Why Coca-Cola could be about to wave goodbye to its product colours
Coca-Cola has heavily hinted that it will phase out the colours associated with its product variants such as Coke Life (green) and Coke Zero (black) as it looks to assimilate its brands under one umbrella.
The drinks giant trialled the ‘One Brand’ strategy in Great Britain (GB) last year to leverage the Coca-Cola brand to boost sales of sugar free variants such as Coke Zero and Diet Coke in the wake of weak sales and health concerns, and yesterday (19 January) announced the company will take that strategy globally.
Speaking at the press conference in Paris, vice president, global creative and content, Rodolpho Echeverria, also revealed that strategy will more than likely include scrapping the colours consumers have come to associate with such drinks and adjusting the packaging.
“Eventually we will, but what we are presenting today is just the communication campaign… it’s pretty generous and pretty abundant, and it will allow us to kick it off and serve the next three or four months until we come with new surprises. The whole philosophy is about new surprises so that we keep the message fresh.”
When probed further on whether Coca-Cola will eventually shift its packaging design and communications to the iconic red, Echeverria would not confirm or deny, but admitted it would “make a lot of sense” under the new strategy.
“The red and the contour bottle are elements that belong not only to Coca-Cola original it belongs to all of them and it should be shared across the entire campaign. We are starting by putting the red disc in every communication and everyone will be locked in by ‘Taste the Feeling’”.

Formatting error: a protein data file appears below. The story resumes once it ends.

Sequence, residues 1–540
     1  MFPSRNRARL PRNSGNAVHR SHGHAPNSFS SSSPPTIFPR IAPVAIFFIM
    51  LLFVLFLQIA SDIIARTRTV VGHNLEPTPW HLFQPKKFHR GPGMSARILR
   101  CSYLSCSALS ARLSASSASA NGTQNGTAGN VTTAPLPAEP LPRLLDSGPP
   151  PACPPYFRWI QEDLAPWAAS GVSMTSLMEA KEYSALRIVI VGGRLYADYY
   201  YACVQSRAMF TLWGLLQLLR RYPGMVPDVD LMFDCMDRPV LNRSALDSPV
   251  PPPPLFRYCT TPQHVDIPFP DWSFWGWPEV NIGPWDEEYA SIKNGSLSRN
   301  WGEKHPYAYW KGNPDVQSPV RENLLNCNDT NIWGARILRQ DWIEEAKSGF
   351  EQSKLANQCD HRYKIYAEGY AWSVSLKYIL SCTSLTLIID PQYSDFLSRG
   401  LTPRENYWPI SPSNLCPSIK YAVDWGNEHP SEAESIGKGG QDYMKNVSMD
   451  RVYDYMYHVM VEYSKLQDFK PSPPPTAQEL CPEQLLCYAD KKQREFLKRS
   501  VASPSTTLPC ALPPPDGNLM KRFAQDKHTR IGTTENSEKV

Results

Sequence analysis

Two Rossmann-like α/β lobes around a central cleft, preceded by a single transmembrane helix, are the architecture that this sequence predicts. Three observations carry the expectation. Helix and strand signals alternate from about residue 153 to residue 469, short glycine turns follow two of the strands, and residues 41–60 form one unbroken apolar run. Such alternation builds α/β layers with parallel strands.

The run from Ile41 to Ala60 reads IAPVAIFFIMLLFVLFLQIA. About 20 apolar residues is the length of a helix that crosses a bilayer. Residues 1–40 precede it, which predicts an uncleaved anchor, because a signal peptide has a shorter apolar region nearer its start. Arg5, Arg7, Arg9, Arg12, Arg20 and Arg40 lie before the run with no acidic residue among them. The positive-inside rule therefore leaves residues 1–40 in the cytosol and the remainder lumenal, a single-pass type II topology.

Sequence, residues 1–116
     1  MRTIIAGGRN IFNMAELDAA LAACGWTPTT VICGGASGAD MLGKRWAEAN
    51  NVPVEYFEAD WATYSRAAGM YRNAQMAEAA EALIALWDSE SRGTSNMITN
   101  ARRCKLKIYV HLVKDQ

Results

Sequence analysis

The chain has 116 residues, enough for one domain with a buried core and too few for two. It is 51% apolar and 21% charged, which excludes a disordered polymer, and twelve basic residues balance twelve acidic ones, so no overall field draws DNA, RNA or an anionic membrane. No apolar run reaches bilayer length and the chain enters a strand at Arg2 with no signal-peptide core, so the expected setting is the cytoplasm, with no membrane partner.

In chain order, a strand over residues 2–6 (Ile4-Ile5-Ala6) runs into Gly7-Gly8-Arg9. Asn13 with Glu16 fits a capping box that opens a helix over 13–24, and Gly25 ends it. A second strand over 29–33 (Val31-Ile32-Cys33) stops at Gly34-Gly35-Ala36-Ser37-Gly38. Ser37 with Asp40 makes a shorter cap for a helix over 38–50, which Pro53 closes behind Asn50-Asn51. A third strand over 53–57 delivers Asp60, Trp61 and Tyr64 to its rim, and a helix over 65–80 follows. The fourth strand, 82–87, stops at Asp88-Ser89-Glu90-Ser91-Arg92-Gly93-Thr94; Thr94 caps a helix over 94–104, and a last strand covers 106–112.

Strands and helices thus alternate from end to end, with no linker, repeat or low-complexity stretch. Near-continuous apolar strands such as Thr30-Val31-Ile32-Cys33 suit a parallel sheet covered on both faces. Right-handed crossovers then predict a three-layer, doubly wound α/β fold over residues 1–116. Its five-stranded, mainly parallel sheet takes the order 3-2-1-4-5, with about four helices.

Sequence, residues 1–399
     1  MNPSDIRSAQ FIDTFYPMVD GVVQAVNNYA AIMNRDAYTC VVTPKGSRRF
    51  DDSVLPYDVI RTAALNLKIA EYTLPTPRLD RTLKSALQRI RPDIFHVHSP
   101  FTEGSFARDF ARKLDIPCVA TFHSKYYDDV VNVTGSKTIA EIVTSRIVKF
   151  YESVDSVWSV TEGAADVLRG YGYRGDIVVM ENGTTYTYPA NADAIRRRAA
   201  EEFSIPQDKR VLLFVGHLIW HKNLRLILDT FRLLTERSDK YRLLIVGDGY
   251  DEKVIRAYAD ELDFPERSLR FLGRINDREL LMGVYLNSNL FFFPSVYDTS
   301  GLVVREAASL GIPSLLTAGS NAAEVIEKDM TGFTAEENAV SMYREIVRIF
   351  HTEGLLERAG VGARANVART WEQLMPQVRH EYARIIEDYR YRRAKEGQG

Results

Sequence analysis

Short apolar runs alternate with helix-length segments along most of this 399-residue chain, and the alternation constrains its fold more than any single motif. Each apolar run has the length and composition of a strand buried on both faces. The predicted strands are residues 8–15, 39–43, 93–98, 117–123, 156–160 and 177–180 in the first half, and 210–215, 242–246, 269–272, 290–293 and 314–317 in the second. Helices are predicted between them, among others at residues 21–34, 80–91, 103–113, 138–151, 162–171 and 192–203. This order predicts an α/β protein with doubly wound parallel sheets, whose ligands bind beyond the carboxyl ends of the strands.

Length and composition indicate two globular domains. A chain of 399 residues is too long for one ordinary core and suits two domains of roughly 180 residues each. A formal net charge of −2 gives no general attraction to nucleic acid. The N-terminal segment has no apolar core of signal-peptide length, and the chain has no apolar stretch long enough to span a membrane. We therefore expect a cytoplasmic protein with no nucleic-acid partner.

Coke’s GB strategy
In Great Britain Coca-Cola is set to double its investment in its newest sugar free variant Coke Zero to raise consumer awareness of its health benefits and turn around the flat sales the drinks giant is currently battling.
In the GB market Coca-Cola has focussed much of its marketing efforts around the product and last year placed Coke Zero front and centre of its Rugby World Cup Sponsorship. The push comes in response to the fact that many consumers are still unaware that the drink is sugar free – a vital issue for the drinks giant given the media attention and health trends around the reduction in consumption of the sweet stuff.
Also speaking in Paris at the launch of the ‘One Brand’ strategy, Coca-Cola’s Great Britain and Ireland marketing director Bobby Brittain said that investment in the variant will more than double, following stricter cost control measures for marketers introduced by the business in 2014 in an attempt to create $1bn in cost savings globally by creating campaigns centrally.
“Not enough of the population know about [the benefits of] Coke Zero so we need the percentage of people who know that Coke Zero has no sugar to go up and we will leverage the Coca-Cola brand to do that. The oft used phrase is that there is no meaning without difference, and unless we can point to Coca-Cola and say that Coke Zero is different standing next to it because it doesn’t have any sugar in it makes it much harder,” he said.
“The media spent on the Coca-Cola trademark since 2014 will be nearly double – 75 per cent higher. Coke Zero’s share of that investment is also doubling in the UK and Diet coke is also going up, but Coke Zero will disproportionally benefit from the 75 per cent increase so the biggest growth, the biggest increases and the biggest spend that we will make will be on Coke Zero.”